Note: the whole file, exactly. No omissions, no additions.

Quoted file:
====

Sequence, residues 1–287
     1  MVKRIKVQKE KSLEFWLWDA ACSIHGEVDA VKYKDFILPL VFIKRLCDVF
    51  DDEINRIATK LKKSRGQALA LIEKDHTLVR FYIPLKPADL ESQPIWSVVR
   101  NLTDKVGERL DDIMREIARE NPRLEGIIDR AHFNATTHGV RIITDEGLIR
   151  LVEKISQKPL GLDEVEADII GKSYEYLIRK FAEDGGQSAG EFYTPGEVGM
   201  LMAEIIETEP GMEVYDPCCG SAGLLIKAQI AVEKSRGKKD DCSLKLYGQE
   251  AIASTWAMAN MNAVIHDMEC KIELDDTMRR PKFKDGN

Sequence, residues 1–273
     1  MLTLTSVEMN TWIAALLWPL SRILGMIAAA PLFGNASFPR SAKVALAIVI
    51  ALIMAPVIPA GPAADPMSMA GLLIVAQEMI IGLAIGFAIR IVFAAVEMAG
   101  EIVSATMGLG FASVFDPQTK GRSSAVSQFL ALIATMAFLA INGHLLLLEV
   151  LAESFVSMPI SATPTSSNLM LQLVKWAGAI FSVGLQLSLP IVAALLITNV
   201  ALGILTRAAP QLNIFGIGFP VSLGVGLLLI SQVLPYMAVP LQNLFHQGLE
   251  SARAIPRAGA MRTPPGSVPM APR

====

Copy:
Sequence, residues 1–287
     1  MVKRIKVQKE KSLEFWLWDA ACSIHGEVDA VKYKDFILPL VFIKRLCDVF
    51  DDEINRIATK LKKSRGQALA LIEKDHTLVR FYIPLKPADL ESQPIWSVVR
   101  NLTDKVGERL DDIMREIARE NPRLEGIIDR AHFNATTHGV RIITDEGLIR
   151  LVEKISQKPL GLDEVEADII GKSYEYLIRK FAEDGGQSAG EFYTPGEVGM
   201  LMAEIIETEP GMEVYDPCCG SAGLLIKAQI AVEKSRGKKD DCSLKLYGQE
   251  AIASTWAMAN MNAVIHDMEC KIELDDTMRR PKFKDGN

Sequence, residues 1–273
     1  MLTLTSVEMN TWIAALLWPL SRILGMIAAA PLFGNASFPR SAKVALAIVI
    51  ALIMAPVIPA GPAADPMSMA GLLIVAQEMI IGLAIGFAIR IVFAAVEMAG
   101  EIVSATMGLG FASVFDPQTK GRSSAVSQFL ALIATMAFLA INGHLLLLEV
   151  LAESFVSMPI SATPTSSNLM LQLVKWAGAI FSVGLQLSLP IVAALLITNV
   201  ALGILTRAAP QLNIFGIGFP VSLGVGLLLI SQVLPYMAVP LQNLFHQGLE
   251  SARAIPRAGA MRTPPGSVPM APR